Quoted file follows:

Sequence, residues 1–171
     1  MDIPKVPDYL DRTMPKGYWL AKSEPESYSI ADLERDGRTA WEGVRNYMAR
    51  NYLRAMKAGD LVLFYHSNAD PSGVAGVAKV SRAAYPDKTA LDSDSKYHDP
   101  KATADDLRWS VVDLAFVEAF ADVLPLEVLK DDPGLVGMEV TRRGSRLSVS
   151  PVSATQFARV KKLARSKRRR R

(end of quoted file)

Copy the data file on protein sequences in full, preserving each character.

Sequence, residues 1–171
     1  MDIPKVPDYL DRTMPKGYWL AKSEPESYSI ADLERDGRTA WEGVRNYMAR
    51  NYLRAMKAGD LVLFYHSNAD PSGVAGVAKV SRAAYPDKTA LDSDSKYHDP
   101  KATADDLRWS VVDLAFVEAF ADVLPLEVLK DDPGLVGMEV TRRGSRLSVS
   151  PVSATQFARV KKLARSKRRR R